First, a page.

Lowepro Flipside Trek Backpack Review: Flipside Trek 250 AW is a compact, capable carrying solution
posted Sunday, November 13, 2016 at 7:00 AM EDT
The Lowepro Flipside Trek BP AW backpack is designed for the adventuring outdoor photographer who carries more than just their camera gear on expeditions. The backpack features a unique two-tiered design. Photo gear goes in a dedicated compartment which is accessed via the lower back area of the pack whereas the rest of your gear goes in a couple of top pockets. (Note: See images below to see how the backpack is set up). Despite camera equipment being stored in the lower back portion of the bag, you can utilize the Flipside’s body-side access to access the gear compartment without taking the bag all the way off your body.
Design: Compact with a distinct dual-compartment arrangement
As mentioned, there are separate spaces for camera and other gear. Additionally, there's a thin front pocket that's perfect for a tablet (up to 10 inches) and keeping items such as cables and batteries. In the zippered pocket of this compartment, I was able to store my iPhone 7 Plus as well, so I think that most smartphones would fit comfortably in this area.
In the main top compartment, designed for your non-camera gear, there's a decent amount of room. I was able to fit a medium-weight jacket, sunglasses and a few protein bars into the compartment. There's also a fitted raincover included in a small zippered pocket on the top of the bag.
On various areas of the outside of the backpack are webbing loops for you to attach a wide variety of gear, such as a solar panel for keeping your electronics going on long treks or a small tripod. On the sides are two stretch pockets, perfect for water bottles or an aforementioned tripod.
The camera compartment is opened with two zippers, both of which have excellent pulls on them (little details matter a lot in daily use, after all). Once opened, you see that the Flipside Trek BP 250 AW does not have a lot of room for camera equipment. In fact, a Panasonic G85 with the kit lens attached and an additional 12mm f/1.4 prime took up much of the room. I added the battery charger along with a couple of filters and I couldn't have fit much more. Lowepro states that the 250 is designed for a mirrorless camera or compact DSLR camera plus 1-2 extra lenses. My experience aligns with this.
When considering the overall design of the backpack, I think it looks quite nice. Naturally that's a matter of personal preference, but the two-tone olive green and dark gray material works for me. There's also a reflective strip on the backpack which will stand out if hiking or biking at night.
Real-world use: Comfortable when worn all day, "flipside" design works well
While the camera compartment is small, it is very secure. It can only be easily accessed through the back of the bag, although you can access it through the top compartment if you aren't carrying any additional gear (an unrealistic scenario in my experience). While it may sound inconvenient, you don't have to remove the backpack to access the camera compartment. Instead, when you use the waist strap, you can take the shoulder straps off and rotate the bag to rest in front of you, providing easy access to the camera compartment. The 250 AW size comes with a somewhat thin waist strap, which is sufficient given the light weight of the bag (the 250 size weighs only 2.3 pounds (1.06 kilograms) when empty) and the inability to carry any heavy gear. Larger sizes have wider straps that will better support their larger carrying capacities. Spinning the backpack around worked very well when wearing nylon or polyester materials, such as active wear or a rain jacket, but was a bit more cumbersome to slide around on a flannel shirt.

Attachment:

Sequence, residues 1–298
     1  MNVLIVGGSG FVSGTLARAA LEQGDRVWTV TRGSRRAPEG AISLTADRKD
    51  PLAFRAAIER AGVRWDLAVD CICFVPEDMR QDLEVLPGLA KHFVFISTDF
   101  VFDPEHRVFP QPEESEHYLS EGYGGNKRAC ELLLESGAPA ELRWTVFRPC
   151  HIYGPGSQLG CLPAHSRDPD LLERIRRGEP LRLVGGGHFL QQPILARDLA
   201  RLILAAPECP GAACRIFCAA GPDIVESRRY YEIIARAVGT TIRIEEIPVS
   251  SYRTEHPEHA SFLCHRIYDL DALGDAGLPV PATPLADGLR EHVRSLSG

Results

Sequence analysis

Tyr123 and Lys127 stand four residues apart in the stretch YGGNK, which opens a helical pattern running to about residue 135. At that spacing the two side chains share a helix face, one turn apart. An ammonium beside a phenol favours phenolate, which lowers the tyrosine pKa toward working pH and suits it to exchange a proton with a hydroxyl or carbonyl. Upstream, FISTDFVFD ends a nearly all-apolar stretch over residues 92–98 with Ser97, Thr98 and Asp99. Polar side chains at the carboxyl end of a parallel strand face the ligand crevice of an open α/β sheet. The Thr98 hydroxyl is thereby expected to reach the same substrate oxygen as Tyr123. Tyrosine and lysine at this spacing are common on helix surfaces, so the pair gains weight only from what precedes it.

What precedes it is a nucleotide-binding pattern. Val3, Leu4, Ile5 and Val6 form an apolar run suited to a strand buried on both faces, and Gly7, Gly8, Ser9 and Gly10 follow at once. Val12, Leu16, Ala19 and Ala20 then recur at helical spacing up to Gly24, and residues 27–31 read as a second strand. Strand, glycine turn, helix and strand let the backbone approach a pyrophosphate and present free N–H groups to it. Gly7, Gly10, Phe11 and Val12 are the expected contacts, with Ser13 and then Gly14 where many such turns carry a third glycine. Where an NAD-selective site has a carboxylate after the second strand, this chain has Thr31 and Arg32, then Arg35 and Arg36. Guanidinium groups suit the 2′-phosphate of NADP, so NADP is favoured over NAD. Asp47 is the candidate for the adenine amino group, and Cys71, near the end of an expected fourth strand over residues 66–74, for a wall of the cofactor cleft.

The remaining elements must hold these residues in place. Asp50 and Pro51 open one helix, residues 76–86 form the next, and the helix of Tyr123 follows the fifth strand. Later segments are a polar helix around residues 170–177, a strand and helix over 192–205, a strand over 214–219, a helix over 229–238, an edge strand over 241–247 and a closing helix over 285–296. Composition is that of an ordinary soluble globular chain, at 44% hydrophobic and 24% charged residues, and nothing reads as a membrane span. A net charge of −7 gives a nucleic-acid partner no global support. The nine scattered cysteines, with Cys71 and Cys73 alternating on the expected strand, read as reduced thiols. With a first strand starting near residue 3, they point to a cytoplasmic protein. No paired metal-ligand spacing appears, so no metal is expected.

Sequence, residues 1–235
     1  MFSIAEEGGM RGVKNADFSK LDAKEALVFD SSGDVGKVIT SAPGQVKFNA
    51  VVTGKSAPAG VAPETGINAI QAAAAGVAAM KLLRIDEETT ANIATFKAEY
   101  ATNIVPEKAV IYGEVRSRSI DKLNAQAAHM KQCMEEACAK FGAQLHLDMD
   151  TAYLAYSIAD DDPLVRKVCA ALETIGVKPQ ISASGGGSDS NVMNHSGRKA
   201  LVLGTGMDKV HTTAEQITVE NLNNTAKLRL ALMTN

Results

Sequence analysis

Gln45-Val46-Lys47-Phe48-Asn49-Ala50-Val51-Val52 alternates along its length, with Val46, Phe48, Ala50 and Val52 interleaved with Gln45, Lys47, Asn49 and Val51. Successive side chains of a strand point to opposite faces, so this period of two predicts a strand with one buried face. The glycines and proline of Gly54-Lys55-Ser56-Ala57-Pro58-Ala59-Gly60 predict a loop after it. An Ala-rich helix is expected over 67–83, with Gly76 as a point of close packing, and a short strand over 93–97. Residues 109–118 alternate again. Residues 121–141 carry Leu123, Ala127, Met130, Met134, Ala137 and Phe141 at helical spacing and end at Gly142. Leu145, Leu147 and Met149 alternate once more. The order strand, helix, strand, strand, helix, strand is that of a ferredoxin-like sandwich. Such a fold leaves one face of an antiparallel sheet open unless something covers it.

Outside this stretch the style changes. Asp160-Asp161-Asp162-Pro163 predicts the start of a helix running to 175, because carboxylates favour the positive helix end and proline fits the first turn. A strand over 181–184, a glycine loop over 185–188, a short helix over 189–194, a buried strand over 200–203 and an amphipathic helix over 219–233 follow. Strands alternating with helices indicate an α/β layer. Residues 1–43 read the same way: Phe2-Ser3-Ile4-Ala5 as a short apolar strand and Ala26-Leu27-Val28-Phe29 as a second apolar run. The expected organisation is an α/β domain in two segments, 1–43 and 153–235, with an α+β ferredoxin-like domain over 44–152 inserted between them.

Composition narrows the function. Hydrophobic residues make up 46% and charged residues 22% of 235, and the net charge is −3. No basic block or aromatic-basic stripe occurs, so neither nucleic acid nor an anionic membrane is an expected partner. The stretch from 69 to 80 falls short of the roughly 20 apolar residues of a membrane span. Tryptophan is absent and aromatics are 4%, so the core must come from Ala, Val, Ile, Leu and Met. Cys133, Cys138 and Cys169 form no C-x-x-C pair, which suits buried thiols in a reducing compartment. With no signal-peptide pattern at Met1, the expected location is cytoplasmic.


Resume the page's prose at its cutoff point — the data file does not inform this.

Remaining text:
While I'm on the topic of using the backpack with a raincoat, I used the backpack in moderate rain without the included rain cover and it protected my gear perfectly well. Obviously for ultimate protection, you'll want to use the included rain cover, but for light rain, the backpack works fine as is.
The shoulder straps are thin, but padded, and were comfortable. The interior of the straps has a mesh material that is breathable. The back of the pack has ridged, padded areas that are very comfortable even after wearing the backpack while walking all day. The padding also has a mesh fabric cover for high breathability. The sternum, shoulder and waist straps are easily adjustable and the buckles are well-built and easily snap and unsnap.
Conclusion: A good choice, but consider larger sizes if you're a DSLR user
The Lowepro Flipside Trek BP 250 AW backpack worked very well in my experience. It was perfect for carrying a small camera and doing a lot of walking/hiking. It provided all-day comfort and the protection my gear needed. Its distinct "flipside" design works as advertised and helped me feel more secure carrying camera equipment. Overall, it's a comfortable, capable backpack.
With that said, I'd personally opt for one of the larger sizes (350 or 450) for DSLR users as the 250 is much better sized for mirrorless users than for DSLR users. The 250 costs around US$150 while the 350 and 450 cost $170 and $200 respectively. You can order the backpacks from our trusted affiliate B&H below: